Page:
Unionists have reacted with anger and disappointment to a Sinn Fein call for Derry City and Strabane District Council to write to DoE Minister Mark H Durkan, seeking clarification on changing the city’s name to Derry.
The call came from Councillor Eric McGinley, but was shot down by Alderman Maurice Devenney, who said the last time the issue was raise it failed and the DUP were totally opposed to any name change.
He was supported by the UUP’s Derek Hussey, who said it was impossible to change the name “back to Derry”, as it had never been Derry in the first place.
“The name on the Charter for the City has always been Londonderry. To change it back to Derry seems strange in itself,” he said.
Councillor Gerard Diver told the council that from memory the last time the issue was raised that only the Privy Council could change the city’s name.
“Presumably this council will get the same response, but I have no issue with someone writing to the Minister to get further clarification,” he said.
Alderman David Ramsey, speaking after the meeting said: “The question for the republican nationalist politicians in Londonderry is how does trying once again to change the City Charter to Derry will reflect their goal of a shared future?
“It was quite clear in the past that attempting this damages years of community relations,” he said.
“The PUL community see this as a purely sectarian agenda to alienate the Protestant community. No one in my community will ever believe again that nationalists and republicans are really serious about a true shared future, where we should be celebrating our diversity instead of demoralising the minority community by attempting to remove the British part of the city’s name.
“We should be proud of our link to London where many Irish people live. We should be twinning with London instead of airbrushing the historical connection.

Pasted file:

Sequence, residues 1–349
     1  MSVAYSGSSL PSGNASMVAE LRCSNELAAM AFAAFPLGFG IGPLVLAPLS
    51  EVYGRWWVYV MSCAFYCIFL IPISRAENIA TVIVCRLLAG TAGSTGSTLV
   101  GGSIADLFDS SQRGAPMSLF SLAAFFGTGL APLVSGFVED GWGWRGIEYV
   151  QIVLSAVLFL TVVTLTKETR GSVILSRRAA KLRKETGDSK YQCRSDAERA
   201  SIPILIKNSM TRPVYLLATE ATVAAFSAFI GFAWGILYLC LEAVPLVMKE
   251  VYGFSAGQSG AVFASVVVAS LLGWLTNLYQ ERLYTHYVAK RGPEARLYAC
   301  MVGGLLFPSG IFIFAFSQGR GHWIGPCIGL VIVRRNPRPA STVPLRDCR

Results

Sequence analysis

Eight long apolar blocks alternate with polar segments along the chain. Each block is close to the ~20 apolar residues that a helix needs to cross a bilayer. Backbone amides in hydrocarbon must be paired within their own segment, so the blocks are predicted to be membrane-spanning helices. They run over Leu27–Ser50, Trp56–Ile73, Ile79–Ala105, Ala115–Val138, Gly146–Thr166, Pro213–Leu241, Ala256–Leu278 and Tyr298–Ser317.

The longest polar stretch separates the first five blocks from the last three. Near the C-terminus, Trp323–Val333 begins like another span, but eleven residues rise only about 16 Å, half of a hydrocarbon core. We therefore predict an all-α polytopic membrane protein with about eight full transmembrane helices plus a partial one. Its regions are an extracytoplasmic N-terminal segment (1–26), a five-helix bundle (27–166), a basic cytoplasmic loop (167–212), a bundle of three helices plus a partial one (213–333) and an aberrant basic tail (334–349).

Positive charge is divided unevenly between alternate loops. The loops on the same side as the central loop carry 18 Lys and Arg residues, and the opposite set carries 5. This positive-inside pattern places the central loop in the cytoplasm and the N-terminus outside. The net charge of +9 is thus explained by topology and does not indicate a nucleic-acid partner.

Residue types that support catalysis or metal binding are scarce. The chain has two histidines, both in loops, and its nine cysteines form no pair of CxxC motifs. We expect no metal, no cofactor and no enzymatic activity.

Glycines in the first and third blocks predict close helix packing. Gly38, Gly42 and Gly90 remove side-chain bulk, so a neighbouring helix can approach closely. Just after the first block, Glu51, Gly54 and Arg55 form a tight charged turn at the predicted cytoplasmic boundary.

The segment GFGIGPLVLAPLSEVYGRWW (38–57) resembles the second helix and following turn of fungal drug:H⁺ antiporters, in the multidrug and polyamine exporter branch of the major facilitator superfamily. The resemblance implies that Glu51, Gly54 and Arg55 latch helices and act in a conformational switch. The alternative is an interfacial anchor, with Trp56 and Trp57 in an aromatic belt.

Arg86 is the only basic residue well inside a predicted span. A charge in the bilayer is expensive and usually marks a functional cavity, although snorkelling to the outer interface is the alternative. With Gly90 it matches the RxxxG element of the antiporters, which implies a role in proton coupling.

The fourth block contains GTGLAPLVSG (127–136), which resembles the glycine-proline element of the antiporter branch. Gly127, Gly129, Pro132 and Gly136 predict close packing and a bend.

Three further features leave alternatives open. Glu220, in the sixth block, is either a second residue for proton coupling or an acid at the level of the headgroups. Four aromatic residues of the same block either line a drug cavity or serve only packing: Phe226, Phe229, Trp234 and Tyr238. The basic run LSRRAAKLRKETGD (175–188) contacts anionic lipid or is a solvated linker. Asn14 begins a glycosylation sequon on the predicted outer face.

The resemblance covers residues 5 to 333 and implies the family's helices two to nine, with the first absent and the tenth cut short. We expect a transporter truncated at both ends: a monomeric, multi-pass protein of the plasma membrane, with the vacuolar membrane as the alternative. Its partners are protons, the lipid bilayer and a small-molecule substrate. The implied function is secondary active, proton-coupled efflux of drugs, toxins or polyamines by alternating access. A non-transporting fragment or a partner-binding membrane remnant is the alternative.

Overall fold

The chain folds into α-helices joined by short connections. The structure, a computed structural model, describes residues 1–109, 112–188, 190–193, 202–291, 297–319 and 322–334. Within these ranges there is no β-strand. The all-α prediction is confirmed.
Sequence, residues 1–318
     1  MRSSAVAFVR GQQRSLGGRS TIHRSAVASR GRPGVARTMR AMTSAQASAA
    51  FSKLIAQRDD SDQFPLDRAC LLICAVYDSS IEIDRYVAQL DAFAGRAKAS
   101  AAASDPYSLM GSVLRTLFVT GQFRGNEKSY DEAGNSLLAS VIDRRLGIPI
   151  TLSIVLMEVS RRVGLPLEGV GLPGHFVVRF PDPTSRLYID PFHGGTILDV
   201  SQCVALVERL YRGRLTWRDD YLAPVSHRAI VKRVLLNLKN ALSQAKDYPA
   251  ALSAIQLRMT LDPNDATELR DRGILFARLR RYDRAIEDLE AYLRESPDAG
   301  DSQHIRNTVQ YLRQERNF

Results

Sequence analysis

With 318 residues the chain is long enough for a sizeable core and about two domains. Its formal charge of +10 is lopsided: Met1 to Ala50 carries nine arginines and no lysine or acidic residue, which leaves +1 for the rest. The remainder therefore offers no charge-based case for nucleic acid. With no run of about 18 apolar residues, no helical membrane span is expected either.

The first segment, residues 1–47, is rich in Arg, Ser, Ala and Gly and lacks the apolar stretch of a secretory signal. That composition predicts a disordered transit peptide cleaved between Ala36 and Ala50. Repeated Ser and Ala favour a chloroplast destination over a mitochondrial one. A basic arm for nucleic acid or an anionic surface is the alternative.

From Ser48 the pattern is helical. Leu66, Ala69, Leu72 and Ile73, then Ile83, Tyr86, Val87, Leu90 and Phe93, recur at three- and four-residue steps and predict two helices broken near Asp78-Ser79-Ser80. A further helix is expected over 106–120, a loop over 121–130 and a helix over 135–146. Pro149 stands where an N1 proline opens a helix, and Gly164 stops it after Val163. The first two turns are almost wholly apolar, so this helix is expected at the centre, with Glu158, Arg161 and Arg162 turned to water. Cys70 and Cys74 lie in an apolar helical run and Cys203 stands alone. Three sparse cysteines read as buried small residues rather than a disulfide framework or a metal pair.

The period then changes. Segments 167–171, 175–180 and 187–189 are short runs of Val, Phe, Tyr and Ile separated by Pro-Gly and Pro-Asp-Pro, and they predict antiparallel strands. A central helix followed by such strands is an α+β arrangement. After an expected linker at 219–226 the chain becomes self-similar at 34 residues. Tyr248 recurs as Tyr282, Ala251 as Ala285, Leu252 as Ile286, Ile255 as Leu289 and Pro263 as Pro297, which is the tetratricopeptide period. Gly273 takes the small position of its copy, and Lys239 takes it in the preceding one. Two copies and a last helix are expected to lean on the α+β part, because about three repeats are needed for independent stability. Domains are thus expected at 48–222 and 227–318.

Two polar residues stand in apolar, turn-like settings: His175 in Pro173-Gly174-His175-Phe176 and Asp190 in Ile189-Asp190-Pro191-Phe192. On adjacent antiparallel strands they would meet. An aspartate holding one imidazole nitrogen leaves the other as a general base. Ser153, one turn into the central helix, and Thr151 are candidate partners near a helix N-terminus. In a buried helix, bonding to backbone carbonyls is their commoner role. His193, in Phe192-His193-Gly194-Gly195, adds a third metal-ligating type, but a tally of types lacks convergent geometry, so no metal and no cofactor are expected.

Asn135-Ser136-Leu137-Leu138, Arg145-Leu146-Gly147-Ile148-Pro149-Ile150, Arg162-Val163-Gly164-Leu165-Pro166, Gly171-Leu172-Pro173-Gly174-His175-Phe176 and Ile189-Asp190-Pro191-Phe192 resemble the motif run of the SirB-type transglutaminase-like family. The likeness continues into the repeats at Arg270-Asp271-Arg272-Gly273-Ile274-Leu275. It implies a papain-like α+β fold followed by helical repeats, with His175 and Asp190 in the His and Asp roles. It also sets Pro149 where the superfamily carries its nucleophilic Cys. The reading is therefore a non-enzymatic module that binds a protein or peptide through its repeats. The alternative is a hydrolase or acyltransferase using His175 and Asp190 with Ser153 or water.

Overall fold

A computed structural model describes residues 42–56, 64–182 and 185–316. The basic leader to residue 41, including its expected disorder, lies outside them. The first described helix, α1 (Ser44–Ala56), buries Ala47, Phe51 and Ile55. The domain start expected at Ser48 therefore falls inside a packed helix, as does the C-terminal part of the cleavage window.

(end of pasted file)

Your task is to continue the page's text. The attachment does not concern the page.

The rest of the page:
“Londonderry has been a good example of working together and respecting the diversity of culture, faith and traditions. This threatens many years of hard work in relationship building and learning how to share this space.”
Also speaking after the meeting, Alderman Mary Hamilton said she had been “disgusted” by the call by Sinn Fein.
“The people of this city came out in their many thousands to maintain Londonderry as the name for this city the last time there was a push to change it,” she said.
“Historically this city is tied to London whether people like it or not. It was the London Guilds who paid for and built this city and some of its most iconic buildings. That fact cannot be airbrushed from history.
“Instead of seeking to remove the ‘London’ from Londonderry we should be seeking to capitalise on it. London is the capital city of the United Kingdom and is one of the most important economically prosperous cities in the world. To try and remove ourselves from that link just does not make sense to me. We should be twinning with London and capitalising on that.
“I see this move as nothing more than another political stunt by Sinn Fein to try and alienate the Protestant community and heighten tension. That is not what this city needs,” she said.
In a vote on the subject the nine unionists present in the chamber voted against writing to the Minister for clarity, with 28 members of Sinn Fein and the SDLP voting in favour of a letter being sent.